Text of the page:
Table and Figures | Reference | Related Articles | Metrics
Cited: Crossref(2) WebOfScience(4)
Targeted therapy of desmoid-type fibromatosis: mechanism, current situation, and future prospects
Zhen Wang, Jianhui Wu, Xiuyun Tian, Chunyi Hao
Front. Med.    2019, 13 (4): 427-437.   https://doi.org/10.1007/s11684-018-0672-6
Abstract   HTML   PDF (293KB)

Desmoid-type fibromatosis (DF) is a rare monoclonal fibroblastic proliferation that is characterized by locally infiltrative but rarely metastatic lesions. Tyrosine kinase and γ-secretase inhibitors are primarily used in the targeted therapy of DF. The use of these drugs, however, is mainly based on the recommendations of retrospective studies with small sample sizes. Previous studies that focused on the mechanism, efficacy, and safety of targeted therapy for DF were reviewed to provide references for clinical applications and research. The efficacy and safety of targeted therapy were compared with those of other systemic therapy options. Targeted therapy does not provide considerable advantages in efficacy and safety over other medical treatments and is usually applied after the failure of antihormonal therapies, nonsteroidal anti-inflammatory drugs, and chemotherapy. Further studies are required to explore the mechanism, indications, and appropriate drug dosage of the targeted therapy of DF.

Table and Figures | Reference | Related Articles | Metrics
G protein-coupled receptor LGR6 is an independent risk factor for colon adenocarcinoma
Wenjing Wang, Shigang Ding, Hejun Zhang, Jun Li, Jun Zhan, Hongquan Zhang
Front. Med.    2019, 13 (4): 482-491.   https://doi.org/10.1007/s11684-018-0633-0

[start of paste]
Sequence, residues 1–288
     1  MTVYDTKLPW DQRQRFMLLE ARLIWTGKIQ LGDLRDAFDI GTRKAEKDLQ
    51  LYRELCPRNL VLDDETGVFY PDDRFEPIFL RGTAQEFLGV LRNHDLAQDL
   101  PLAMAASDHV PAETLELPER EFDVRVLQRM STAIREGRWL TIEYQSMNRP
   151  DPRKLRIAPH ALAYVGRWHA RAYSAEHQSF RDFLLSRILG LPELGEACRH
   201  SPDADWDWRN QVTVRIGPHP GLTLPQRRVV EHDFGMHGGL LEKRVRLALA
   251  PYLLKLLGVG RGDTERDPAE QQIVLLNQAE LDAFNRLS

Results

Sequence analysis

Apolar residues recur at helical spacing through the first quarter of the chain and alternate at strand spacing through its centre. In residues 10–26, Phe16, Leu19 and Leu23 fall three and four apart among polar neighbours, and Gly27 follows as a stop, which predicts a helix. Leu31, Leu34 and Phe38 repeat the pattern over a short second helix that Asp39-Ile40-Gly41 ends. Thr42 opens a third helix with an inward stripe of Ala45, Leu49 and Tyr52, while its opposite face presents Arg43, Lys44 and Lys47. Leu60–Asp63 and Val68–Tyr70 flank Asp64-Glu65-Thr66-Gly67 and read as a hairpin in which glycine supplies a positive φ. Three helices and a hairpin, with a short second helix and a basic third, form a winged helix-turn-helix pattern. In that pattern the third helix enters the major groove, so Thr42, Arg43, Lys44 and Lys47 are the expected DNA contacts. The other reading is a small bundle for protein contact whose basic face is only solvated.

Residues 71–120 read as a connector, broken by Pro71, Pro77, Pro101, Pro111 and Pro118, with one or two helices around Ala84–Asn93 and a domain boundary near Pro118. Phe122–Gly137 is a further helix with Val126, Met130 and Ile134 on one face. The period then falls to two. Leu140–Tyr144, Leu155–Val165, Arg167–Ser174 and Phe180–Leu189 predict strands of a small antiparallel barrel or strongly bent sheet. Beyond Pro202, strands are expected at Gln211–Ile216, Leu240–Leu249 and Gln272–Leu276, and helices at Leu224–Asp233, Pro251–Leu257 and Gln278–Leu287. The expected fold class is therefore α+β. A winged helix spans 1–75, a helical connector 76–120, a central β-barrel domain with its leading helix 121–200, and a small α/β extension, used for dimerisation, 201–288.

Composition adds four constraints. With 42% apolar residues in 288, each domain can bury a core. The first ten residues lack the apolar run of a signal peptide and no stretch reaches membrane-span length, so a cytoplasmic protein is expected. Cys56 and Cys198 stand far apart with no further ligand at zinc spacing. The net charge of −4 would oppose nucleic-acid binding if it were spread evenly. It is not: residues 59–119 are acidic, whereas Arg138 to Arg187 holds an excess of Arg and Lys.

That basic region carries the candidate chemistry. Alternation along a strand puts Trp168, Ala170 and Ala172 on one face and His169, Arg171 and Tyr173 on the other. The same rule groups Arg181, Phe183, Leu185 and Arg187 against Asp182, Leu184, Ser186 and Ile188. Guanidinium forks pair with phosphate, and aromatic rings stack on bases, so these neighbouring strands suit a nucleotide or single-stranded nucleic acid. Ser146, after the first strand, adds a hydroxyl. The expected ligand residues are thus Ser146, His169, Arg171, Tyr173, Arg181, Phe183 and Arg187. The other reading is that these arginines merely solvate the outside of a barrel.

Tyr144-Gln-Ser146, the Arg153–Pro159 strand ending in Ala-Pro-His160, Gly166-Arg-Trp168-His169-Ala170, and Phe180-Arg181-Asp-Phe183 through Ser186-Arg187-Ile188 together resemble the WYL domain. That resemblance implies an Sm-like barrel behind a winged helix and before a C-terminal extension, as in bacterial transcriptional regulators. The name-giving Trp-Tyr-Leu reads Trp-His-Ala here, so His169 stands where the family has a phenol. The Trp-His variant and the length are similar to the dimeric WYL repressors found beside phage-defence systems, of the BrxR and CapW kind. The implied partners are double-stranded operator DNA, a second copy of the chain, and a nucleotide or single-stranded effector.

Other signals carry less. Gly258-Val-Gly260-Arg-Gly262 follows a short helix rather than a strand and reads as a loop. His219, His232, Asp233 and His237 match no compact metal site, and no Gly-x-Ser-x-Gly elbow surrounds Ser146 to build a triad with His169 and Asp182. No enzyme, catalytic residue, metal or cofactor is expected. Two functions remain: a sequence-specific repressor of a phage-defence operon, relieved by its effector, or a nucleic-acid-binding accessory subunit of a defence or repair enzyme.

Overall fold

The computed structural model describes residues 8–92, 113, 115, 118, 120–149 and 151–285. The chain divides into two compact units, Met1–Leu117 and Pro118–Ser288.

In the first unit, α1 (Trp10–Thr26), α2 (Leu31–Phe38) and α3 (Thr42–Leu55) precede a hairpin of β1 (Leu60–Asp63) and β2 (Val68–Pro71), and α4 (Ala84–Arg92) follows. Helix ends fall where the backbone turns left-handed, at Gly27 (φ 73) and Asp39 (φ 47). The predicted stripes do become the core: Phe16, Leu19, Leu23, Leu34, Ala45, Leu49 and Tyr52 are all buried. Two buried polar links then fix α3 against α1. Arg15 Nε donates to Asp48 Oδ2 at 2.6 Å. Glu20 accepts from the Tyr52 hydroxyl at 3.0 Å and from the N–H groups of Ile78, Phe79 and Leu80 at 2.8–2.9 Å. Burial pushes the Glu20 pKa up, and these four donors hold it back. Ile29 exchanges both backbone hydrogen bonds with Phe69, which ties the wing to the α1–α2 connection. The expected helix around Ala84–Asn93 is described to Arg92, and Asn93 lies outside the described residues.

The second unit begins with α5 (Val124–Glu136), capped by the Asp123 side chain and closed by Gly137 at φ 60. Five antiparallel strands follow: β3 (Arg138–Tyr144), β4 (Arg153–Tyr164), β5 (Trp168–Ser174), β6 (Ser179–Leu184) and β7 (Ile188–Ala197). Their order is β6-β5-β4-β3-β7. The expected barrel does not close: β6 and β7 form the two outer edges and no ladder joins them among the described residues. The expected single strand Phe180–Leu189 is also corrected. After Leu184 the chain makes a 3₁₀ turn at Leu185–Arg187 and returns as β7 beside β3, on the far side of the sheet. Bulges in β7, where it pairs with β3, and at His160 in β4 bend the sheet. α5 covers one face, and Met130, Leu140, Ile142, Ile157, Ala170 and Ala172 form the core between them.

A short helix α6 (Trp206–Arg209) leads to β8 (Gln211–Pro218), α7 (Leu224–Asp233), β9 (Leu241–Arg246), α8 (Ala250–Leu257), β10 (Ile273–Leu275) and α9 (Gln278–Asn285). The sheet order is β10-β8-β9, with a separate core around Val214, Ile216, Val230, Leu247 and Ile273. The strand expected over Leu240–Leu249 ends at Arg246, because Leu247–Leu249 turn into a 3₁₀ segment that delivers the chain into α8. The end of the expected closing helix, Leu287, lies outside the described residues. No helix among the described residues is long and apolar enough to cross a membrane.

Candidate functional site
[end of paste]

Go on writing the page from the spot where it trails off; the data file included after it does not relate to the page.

Abstract   HTML   PDF (1146KB)

LGR6 is a member of the G protein-coupled receptor family that plays a tumor-suppressive role in colon cancer. However, the relationship between LGR6 expression in patients and clinicopathological factors remains unclear. This study aimed to clarify whether the expression level of LGR6 is correlated with colon adenocarcinoma progression. Immunohistochemistry was used to detect LGR6 expression in colon adenoma tissues (n = 21), colon adenocarcinoma tissues (n = 156), and adjacent normal tissues (n = 124). The expression levels of LGR6 in colon adenoma and adenocarcinoma were significantly higher than those in normal colon epithelial tissues (P<0.001). Low LGR6 expression predicted a short overall survival in patients with colon adenocarcinoma (log-rank test, P = 0.016). Univariate and multivariate survival analyses showed that, in addition to N and M classification, LGR6 expression served as an independent prognostic factor. Thus, low expression of LGR6 can be used as an independent prognostic parameter in patients with colon adenocarcinoma.

Table and Figures | Reference | Supplementary Material | Related Articles | Metrics